When it comes to providing the best care for our dogs, we consider many issues: nutrition, training, socialization…but what about our legal rights and responsibilities as dog owners? We should be thinking about these issues too.
The Whole Dog Journal’s recent interview with attorney Heidi Meinzer about dangerous dog laws is a good place to start. If you haven’t read it, you should. Paul Miller, an animal welfare professional is also interviewed and it’s great stuff. Here’s the link. Go on. I’ll wait.
Good, right? Heidi and Paul’s answers provide information that every dog owner should know, such as how to be responsible dog owners, understanding dangerous dog laws, what to do if our dogs are deemed dangerous, and how to avoid coming into conflict with the law in the first place.
While reading the interview, I suspected Heidi might be a member of Team DINOS when she said,“…always take care when interacting with dogs and people wherever you are, including in your own home. If your dog shows any hesitation when meeting another dog or a person, do not force her to interact. Be your dog’s advocate and kindly tell the person that your dog needs space.”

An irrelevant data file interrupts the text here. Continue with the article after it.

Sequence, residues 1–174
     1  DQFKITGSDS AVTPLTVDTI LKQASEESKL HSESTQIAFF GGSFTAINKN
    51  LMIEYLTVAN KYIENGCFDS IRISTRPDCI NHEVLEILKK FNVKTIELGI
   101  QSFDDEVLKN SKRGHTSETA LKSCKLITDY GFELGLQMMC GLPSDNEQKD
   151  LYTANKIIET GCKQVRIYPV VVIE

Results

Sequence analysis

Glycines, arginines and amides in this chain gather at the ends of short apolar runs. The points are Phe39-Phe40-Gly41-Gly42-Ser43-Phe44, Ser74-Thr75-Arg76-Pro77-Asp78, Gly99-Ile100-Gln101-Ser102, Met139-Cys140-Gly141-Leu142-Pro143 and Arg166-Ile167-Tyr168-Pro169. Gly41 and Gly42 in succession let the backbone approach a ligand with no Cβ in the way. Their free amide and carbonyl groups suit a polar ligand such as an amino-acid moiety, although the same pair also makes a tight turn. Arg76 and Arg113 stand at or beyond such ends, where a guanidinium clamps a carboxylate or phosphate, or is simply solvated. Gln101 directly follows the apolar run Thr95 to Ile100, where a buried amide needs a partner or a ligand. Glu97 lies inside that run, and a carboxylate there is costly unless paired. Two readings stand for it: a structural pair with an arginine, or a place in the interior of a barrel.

It’s excellent advice, so I wrote Heidi to find out more and she does indeed share her life with a DINOS! She was kind enough to agree to answer a few legal-based FAQs for us too.
Here’s a little more about Heidi before we start the Q+A:
Licensed to practice in Washington, Virginia, Maryland, and D.C., Heidi specializes in animal law issues. In addition to her law practice, Heidi is a member of the APDT and an Assistant Dog Trainer with Fur-Get Me Not, as well as a board member for multiple animal welfare organizations.
It should be noted that in regards to dog laws, there is a lot of variation from state to state and even town to town. Heidi’s answers are a great jumping off point, but each one of us still needs to research this issue locally in order to be truly informed.